Muslims Rising Above The Ashes Of Misunderstanding

September 19, 2011 by · Leave a Comment 

By Kari Ansari

As the 10th anniversary of Sept. 11 approaches, we’ll be inundated with reports and recollections of where people were at that moment, what they were doing and how their lives have been changed because of it.

This anniversary-keeping activity feels like we have a wound that we know has yet to heal, but we can’t stop ourselves from touching it — just to see if it still hurts.

It does.

The inevitable media coverage will build now until Sept. 12, when folks will try to get back to normal life still smarting from the big press blitz. Muslim Americans will have no choice but to be one of the featured main dishes in this media feasting frenzy, and we will do our part to help heal the wounds caused by those who falsely claimed our faith by telling you again that Islam had no part in this tragedy.

Over these last 10 years, the events of 9/11 taught my faith community that we had been neglecting outreach to the greater society. We’ve had to step away from the cultural comfort of our mosques, Islamic schools and homes to shake the hands of our neighbors who have been there all along, but with whom we may not have engaged with serious effort or effect. Ten years later, Muslims have made these gestures of friendship to the point that a large percentage of the folks who wanted to know us better, now do. There are others who simply refuse to let go of the bigotry and stereotyping of Muslims in America. You may know them: They have their eyes closed with their hands over their ears singing, “la, la, la. I don’t hear you.”

For the next 10 years, I am hopeful that our nation will leave these crooners of ignorance out of our society’s narrative. We’ve already seen some of Islam’s biggest haters recently outed for propagating bigotry under the guise of being “terrorism experts.” Robert Spencer and Pamela Geller have been exposed for their racist and bigoted craziness through a Norwegian mass murderer, Anders Behring Breivik, who referred to their hate-filled blogs and rhetoric many times in his insanely xenophobic manifesto. The Center for American Progress recently released a report, “Fear, Inc., The Roots of the Islamophobia Network in America” that clearly outlines the organized machine operating a small empire of hatred. Besides Spencer and Geller, the report highlights major players like David Yerushalmi (recently featured in a New York Times article outlining his role in this smear campaign) and Fox News (a network owned by the now infamous News Corp and Rupert Murdoch). These people won’t stop their work in unfairly vilifying the American Muslim community, but really, how long can that leaky bucket of lies hold water?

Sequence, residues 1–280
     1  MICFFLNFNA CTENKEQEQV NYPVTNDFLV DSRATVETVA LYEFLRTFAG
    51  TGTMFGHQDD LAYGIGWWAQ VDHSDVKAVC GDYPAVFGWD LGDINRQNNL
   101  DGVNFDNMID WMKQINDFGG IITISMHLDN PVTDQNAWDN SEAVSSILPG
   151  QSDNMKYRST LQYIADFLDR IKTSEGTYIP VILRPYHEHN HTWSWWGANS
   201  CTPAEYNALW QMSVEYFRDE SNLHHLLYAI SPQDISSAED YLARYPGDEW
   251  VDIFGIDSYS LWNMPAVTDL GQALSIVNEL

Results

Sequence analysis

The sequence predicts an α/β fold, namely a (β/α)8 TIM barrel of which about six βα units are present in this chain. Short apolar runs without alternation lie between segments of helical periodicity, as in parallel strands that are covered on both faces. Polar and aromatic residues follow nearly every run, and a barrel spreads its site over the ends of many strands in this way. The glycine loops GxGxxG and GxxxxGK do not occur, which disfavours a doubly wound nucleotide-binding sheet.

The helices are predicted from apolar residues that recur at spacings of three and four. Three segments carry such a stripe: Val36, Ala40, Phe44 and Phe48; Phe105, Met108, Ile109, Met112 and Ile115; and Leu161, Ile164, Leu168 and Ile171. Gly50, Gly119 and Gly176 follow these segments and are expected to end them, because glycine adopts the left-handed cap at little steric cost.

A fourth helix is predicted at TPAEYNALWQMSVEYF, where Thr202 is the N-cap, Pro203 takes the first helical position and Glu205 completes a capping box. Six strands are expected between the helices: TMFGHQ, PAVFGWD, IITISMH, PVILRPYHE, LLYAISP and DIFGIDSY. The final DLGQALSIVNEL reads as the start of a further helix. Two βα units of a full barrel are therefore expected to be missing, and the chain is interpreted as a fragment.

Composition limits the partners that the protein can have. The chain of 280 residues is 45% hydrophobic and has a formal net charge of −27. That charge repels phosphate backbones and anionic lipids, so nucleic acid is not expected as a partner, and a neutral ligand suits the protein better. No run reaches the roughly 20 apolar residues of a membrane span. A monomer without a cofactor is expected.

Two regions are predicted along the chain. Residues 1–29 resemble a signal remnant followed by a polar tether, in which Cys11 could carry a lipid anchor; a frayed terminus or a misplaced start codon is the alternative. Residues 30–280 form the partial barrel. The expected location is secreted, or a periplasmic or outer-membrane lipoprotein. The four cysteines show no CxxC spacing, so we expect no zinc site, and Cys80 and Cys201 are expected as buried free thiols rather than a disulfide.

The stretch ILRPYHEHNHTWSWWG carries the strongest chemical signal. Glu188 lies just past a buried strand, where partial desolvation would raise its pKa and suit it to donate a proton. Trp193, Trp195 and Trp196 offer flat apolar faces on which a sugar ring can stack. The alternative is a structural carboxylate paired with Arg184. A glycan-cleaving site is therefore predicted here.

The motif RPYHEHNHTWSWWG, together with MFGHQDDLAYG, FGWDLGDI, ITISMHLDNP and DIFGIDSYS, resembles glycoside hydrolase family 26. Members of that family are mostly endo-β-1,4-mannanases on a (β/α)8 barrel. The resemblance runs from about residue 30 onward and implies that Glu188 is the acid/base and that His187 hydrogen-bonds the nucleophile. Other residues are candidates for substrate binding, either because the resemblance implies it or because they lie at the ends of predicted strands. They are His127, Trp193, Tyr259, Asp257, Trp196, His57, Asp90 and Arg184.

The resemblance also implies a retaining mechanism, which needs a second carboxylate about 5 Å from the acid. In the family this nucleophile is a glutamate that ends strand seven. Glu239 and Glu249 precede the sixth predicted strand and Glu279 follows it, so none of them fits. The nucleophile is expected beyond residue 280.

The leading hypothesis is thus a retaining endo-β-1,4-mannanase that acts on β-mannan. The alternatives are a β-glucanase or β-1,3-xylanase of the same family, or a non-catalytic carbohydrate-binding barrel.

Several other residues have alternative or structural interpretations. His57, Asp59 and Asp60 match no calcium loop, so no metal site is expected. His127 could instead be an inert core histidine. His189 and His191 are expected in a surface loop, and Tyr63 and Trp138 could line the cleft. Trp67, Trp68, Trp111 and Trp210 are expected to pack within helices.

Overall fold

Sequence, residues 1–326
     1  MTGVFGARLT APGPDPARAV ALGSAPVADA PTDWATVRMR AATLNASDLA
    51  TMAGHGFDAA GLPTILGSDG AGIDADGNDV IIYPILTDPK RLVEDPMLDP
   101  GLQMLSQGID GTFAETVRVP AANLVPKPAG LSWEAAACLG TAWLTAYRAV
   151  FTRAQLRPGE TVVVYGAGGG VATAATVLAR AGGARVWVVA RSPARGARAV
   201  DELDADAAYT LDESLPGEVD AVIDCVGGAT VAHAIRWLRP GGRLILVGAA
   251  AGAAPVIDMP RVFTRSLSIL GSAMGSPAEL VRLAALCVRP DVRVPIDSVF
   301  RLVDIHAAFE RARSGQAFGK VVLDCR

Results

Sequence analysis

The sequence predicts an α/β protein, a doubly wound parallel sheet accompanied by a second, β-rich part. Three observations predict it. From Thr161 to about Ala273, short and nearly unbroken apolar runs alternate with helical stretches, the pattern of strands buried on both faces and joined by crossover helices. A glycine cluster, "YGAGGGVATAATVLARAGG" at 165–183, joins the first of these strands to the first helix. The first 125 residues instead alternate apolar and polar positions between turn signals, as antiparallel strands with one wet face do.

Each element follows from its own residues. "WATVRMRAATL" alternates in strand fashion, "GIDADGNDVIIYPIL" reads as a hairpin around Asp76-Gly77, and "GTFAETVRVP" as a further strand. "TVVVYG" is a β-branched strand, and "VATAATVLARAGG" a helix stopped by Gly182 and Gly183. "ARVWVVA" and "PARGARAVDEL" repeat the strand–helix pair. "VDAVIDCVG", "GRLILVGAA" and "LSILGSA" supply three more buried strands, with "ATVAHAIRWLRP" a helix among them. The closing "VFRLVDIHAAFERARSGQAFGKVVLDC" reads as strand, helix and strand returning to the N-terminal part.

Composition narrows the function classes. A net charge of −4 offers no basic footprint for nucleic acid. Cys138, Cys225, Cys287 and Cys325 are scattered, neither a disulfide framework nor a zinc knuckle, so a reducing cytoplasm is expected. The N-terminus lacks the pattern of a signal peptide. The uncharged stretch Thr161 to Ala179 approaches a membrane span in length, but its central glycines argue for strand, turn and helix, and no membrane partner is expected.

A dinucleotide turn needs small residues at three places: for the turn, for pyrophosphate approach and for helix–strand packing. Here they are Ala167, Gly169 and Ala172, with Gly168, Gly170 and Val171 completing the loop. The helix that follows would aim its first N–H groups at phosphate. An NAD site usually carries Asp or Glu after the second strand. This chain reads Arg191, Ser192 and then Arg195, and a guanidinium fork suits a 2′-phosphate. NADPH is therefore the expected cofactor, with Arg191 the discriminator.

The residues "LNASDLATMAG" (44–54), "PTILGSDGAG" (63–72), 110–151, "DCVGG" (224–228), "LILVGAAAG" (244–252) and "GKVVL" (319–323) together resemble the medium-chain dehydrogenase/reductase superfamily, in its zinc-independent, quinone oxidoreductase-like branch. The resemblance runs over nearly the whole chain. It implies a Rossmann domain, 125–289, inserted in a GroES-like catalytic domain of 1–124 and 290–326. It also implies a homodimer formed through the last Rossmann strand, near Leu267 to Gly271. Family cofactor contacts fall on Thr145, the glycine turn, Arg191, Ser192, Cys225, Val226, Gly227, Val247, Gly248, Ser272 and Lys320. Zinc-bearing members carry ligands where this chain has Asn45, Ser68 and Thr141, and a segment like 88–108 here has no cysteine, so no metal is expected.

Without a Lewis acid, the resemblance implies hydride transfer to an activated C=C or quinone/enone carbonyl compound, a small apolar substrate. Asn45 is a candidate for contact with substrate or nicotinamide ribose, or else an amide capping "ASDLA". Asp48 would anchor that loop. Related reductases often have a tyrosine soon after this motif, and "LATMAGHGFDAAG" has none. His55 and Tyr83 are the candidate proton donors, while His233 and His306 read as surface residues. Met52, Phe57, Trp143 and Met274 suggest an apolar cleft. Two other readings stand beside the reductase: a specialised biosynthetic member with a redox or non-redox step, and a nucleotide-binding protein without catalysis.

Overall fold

It’s been a challenge to refute every slam and slur against Islam, but Muslims try to follow the example of the Blessed Prophet Muhammad (s), who persistently treated his neighbors with respect despite their derision.

America’s Muslims look forward to our faith community rising above these ashes of misunderstandings to find ourselves welcome as fellow citizens. To make this climb, we know our focus must stay on our youth.

There are thousands of young, dynamic American Muslims already creating change in our nation’s high schools, colleges and workplaces. Their parents have put heart and soul into raising these young people — especially within the difficult context of the last 10 years. They have been nurturing their kids with love and giving them confidence to be American and Muslim in the same sentence. We have great and lofty expectations of their futures, and these young people are not failing any of us.

Young Muslims are making advances in medicine, science and technology.

Look at the list of young doctors in any teaching hospital and you’ll see Muslim names galore. Most major corporations include a cadre of brilliant Muslim engineers. Beyond technology and medicine (traditionally the career paths of choice for Muslims in the U.S.), we are now seeing young Muslims choosing to pursue careers in the less lucrative, but necessary fields of public service, social services and education. And finally, we are seeing more and more Muslim names coming up in the arts and communications fields. This is a hopeful sign for the future, as public perceptions often change through the media in all its forms. Watch Musa Syeed, a writer and independent filmmaker to produce great movies and documentaries, as well as Qasim Bashir, who wrote and directed “Mooz-lum: The Movie.” There are thousands of upcoming Muslim journalists, writers, artists, photographers and performers that we will be sure to hear more from in the next 10 years.

I’m proud to claim these honest young people who are giving us honest portrayals of Muslims through the arts and media.